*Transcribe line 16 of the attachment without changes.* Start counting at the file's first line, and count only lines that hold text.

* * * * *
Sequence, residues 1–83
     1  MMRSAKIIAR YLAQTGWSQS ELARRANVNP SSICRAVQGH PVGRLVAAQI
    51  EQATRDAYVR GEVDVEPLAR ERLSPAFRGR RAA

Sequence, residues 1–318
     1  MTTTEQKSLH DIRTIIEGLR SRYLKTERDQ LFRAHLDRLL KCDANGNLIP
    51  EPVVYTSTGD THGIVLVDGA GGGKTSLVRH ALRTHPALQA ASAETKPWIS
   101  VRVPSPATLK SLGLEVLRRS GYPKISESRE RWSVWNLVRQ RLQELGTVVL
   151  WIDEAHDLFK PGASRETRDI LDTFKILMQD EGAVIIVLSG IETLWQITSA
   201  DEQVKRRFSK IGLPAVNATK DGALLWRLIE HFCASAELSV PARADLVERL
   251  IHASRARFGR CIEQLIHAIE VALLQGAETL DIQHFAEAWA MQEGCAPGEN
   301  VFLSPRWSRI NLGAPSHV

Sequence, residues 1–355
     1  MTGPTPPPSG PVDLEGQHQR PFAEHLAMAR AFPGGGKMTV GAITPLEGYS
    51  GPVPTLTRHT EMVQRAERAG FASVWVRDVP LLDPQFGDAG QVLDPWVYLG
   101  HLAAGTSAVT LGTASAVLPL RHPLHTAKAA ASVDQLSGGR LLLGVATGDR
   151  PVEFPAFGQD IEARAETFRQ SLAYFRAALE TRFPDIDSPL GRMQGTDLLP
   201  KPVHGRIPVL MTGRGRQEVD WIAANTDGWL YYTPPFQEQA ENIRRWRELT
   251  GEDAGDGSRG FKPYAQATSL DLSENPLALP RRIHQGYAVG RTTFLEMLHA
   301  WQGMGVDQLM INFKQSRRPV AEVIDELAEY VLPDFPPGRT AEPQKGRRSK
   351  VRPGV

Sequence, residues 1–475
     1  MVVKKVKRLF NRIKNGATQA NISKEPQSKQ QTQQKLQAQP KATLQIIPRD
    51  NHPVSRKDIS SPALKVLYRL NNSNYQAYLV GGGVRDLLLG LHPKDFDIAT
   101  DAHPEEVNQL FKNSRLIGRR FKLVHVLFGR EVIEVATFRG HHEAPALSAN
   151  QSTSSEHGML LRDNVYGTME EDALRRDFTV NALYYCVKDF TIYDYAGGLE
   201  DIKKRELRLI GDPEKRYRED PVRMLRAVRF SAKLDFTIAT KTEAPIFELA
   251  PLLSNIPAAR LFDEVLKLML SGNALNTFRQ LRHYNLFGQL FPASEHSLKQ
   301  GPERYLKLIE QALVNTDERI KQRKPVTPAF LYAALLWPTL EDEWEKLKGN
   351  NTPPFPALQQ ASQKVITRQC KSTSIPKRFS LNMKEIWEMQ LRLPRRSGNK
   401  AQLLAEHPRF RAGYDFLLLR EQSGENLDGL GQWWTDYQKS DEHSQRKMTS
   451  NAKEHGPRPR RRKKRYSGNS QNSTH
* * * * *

   151  PVEFPAFGQD IEARAETFRQ SLAYFRAALE TRFPDIDSPL GRMQGTDLLP